Scientific name: Cornus nuttallii
Height: 40 – 60 feet
Longevity: 150 years

The Pacific dogwood is a small tree prized for its ornamental properties. It does not grow very large and is relatively easy to cultivate. It produces small white flowers and large bracts that appear like huge blooms. In the fall, the dogwood spits tons of beautiful autumn colors. Pacific dogwoods also attract various species of woodpeckers and sapsuckers to their branches.

These trees are naturally found growing underneath many of the larger trees found in Oregon. For that reason, Pacific dogwoods should be kept in the shade, their trunks should be isolated from direct sunlight, and the leaves should be raked from around the base if you plan on keeping one of these trees in your yard. In optimal conditions, these trees can reach heights of 60 feet or more and live to be over 150 years old.


7. Sitka Spruce

Sitka Spruce Trees
Image Credit: Peter Turner Photography, Shutterstock
Scientific name: Picea sitchensis
Height: 120 – 180 feet
Longevity: 500+ years

Sitka spruce is the largest species of spruce and the third largest species of tree in the world. It is dwarfed only by the Douglas fir and the coastal redwood. A Sitka spruce once held the title of the largest tree in the United States. Sitka spruces can grow to nearly 200 feet tall and have diameters exceeding five feet wide.

They have been cherished for their majestic appearance and their commercial qualities as lumber. These giants grow in the foggy rainforests that cling to the coastlines of the Pacific Northwest. They are prevalent in the forests along Oregon’s coast but they are most heavily found in British Columbia and Alaska. Sitka is a town in Alaska, after which this giant tree is named after.


8. Douglas Fir

Douglas Fir trees
Image Credit: Jacquie Klose, Shutterstock
Scientific name: Pseudotsuga menziesii
Height: 125 – 250 feet
Longevity: 500+ years

Douglas firs are some of the oldest and largest trees found anywhere on Earth. Douglas firs can grow to absolutely massive heights that stretch well beyond 200 feet in the air. The thickest Douglas firs have trunks with diameters of eight feet or more. Some of the oldest Douglas firs are speculated to be close to 1000 years old. These trees suck up the sun and moisture found in western Oregon to grow to their titanic proportions.

In the wild, Douglas firs look like giant Christmas trees. Indeed, adolescent Douglas firs are sold across the United States for just this purpose around the holidays. Douglas fir also produces good lumber with pleasant white coloring and straight tight grain.


9. Western Red Cedar

cedar tree
Image Credit: Pixabay
Scientific name: Thuja plicata
Height: 150 – 200 feet
Longevity: 400+ years

Western red cedars are very popular trees known for many distinct qualities. Western red cedars smell amazing. Their foliage has a distinctive smell, and the lumber also carries a pleasing aroma when milled. The smell can linger for months or even years after the wood is cut. Western red cedars are huge trees that thrive in Oregon’s wet forests, and they grow alongside other trees such as Douglas fir.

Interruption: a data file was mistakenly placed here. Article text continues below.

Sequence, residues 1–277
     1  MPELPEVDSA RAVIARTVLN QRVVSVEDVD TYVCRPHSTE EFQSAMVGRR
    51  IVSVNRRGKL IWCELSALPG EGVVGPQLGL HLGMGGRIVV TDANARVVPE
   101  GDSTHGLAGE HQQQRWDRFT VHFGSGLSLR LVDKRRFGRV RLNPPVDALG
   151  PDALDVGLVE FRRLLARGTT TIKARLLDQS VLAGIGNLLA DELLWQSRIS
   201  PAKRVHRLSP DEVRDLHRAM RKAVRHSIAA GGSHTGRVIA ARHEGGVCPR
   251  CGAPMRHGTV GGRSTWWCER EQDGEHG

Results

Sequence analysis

In the wild, western red cedars can grow to nearly 200 feet and live for well over 400 years, making them one of the largest and oldest trees in Oregon. Western red cedars are fast growers which makes them excellent for the cultivation of lumber. Cedar wood is bug-resistant, rot-resistant, and has an amazing red color.


10. Western Hemlock

Western Hemlock_Abbie Warnock Matthews_Shutterstock
Image Credit: Abbie Warnock Matthews, Shutterstock
Scientific name: Tsuga heterophylla
Height: 125 – 150 feet
Longevity: 400+ years

Western hemlocks are a distinct species from their eastern counterparts, Tsuga canadensis, which thrive in cool wet environments. Western hemlocks thrive in areas that receive 60 inches of rain or more per year. This tree can be found hugging the coast, west of the Cascades, going from northern California all the way up to southern Alaska. They are rarely ever found east of the Cascades and cannot grow in dry conditions.

When thriving, these trees can grow very large and live for hundreds of years. You can spot western hemlocks by their droopy hanging branch tips. Western hemlocks were ignored as commercial trees for many years because people assumed their wood would be of poor quality like that of their eastern cousin.

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Conclusion

These are ten of the most common and native trees that you can find in Oregon. Many of the largest trees grow in the wet coastal areas that trap the water coming off the Pacific against the sides of the Cascade mountains. A few of the trees like to live in solitary existences in Oregon’s dry, fire-prone, east. Each of these trees has its own history, story, and appearance. Next time you are plying the Pacific coast, keep your eyes peeled, and you will likely spot one of these common trees on your journey.


Featured Image Credit: 12019, Pixabay